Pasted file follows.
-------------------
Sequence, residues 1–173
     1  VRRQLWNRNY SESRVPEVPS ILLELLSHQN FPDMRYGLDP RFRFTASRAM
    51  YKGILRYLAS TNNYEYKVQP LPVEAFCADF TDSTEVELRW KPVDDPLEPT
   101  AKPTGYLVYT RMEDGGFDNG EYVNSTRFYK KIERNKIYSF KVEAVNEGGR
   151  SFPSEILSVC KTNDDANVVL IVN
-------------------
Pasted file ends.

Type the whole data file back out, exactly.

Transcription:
Sequence, residues 1–173
     1  VRRQLWNRNY SESRVPEVPS ILLELLSHQN FPDMRYGLDP RFRFTASRAM
    51  YKGILRYLAS TNNYEYKVQP LPVEAFCADF TDSTEVELRW KPVDDPLEPT
   101  AKPTGYLVYT RMEDGGFDNG EYVNSTRFYK KIERNKIYSF KVEAVNEGGR
   151  SFPSEILSVC KTNDDANVVL IVN